I was still dreading the hem on this dress and put it off to stitch the lining into place at the waist and along the zipper. There was nothing left but to tackle the hem. My biggest fear was the stitching showing on the face of the fabric, but I could not see a way around it. This time, Bluprint to the rescue! There are so many wonderful couture sewing classes available. I highly recommend the ones by Kenneth King and Alison Smith. One of Alison’s classes tackled heming a lovely skirt. She put a woven interfacing into the hem allowance, which gave the hem extra body and a bit of weight, plus when the heming was done, it was stitched to the interfacing and not the fashion fabric! I could do this! I took a medium weight woven fusible interfacing and bias cut it into 2” strips. These were fused to the fashion fabric with a press cloth and a ton of steam. This process gave me a very pretty hemline on the outside, along with permanently curving the ribbon to the right angle on the inside. I let the dress hang for 24 hours after all the fusing/pressing. I carefully stitched the ribbon to the interfacing with a stitch I learned watching Kenneth and Alison, but heck if I can remember what it was called! All I know is not a single stitch of my hem shows on the face of the dress, and the hem is neatly secured and pretty on the inside!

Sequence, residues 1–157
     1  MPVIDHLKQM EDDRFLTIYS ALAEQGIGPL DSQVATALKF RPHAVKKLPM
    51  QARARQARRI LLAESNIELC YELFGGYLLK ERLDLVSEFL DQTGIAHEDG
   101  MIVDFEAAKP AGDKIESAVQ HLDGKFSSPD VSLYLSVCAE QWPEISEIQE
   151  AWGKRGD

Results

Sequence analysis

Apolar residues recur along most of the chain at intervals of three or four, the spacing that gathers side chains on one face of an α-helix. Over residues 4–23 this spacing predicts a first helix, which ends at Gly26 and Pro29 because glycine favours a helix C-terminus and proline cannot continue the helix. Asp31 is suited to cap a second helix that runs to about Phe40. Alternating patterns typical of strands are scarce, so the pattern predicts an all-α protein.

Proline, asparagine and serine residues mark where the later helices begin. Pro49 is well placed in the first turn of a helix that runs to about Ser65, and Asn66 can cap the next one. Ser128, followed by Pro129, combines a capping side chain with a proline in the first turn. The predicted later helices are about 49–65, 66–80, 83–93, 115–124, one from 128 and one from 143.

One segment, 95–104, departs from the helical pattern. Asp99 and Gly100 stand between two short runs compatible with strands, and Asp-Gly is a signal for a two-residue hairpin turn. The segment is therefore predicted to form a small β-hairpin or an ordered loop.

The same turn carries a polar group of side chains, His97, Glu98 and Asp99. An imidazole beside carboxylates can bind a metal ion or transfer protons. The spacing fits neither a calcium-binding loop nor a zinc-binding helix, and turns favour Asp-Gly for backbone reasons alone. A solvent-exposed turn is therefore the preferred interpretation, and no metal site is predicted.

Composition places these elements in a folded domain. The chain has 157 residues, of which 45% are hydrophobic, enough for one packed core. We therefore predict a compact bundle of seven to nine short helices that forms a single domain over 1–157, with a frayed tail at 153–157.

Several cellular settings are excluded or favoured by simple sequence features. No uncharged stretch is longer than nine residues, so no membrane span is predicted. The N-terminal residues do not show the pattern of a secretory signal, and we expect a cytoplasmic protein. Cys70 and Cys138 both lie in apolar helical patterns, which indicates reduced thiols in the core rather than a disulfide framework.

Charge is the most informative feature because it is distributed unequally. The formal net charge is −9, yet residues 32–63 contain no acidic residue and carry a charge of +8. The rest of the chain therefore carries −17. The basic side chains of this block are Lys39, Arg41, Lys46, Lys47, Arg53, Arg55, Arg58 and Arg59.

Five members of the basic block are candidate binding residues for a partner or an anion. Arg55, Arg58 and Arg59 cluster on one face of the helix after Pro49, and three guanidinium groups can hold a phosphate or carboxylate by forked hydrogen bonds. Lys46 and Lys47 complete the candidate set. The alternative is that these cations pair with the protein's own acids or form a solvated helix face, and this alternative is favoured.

Thing1 loves skirts and twirl and particularly, skirts that twirl. Ten panels of skirt with 5 ½ yards of hemline equals serious twirl. Each fitting required a twirl session. I knew early on that a waist stay was probably going to be a very good idea to help carry the weight of the skirt and all the twirling. I used the same grosgrain ribbon from the hem facing, adding a skirt hook just inside the zipper opening. It was a pretty simple change but it really helped the way the skirt hung the next time she put it on. Little things!
The last thing to do on the dress was the bow. The pattern calls for the bow to be removable and placed at the upper back of the bodice of the dress. It snaps into place. I had enough velveteen for a small design change so I gave Thing1 the option, she could have the bow as designed or we could put it at the waist on the front. Sparkle bow buckle on the front won before I even finished explaining the options. I cut a 3 ½” wide strip of velveteen to make a waistband with a ⅜” seam allowance and a second strip of the same to make the ribbon “ties” to dangle down the front. The waistband was stitched in place from the bodice dart, all the way around to the zipper opening. The remaining band wraps across the zipper opening to two giant snaps to close the waistband after the dress is zipped up.
|Give me model!|
This dress is serious frosting. It is gorgeous and completely impractical for day to day wear. Thing1 absolutely adores it. I enjoyed the heck out of making it! As an added bonus, the dress was 100% complete a full 4 days before she needed to wear it. I didn’t spend frantic hours in the depths of the night to get it finished. I took it slow, approaching each challenge with very little stress. I was blissfully relieved and hugely pleased when it was done and immediately sewed up a maxi skirt in less than an afternoon, which I rocked as choir chaperone. I want to make another time consuming, mentally taxing sewing project, but this time for me. I have my eye on a tailored vest out of a wool houndstooth.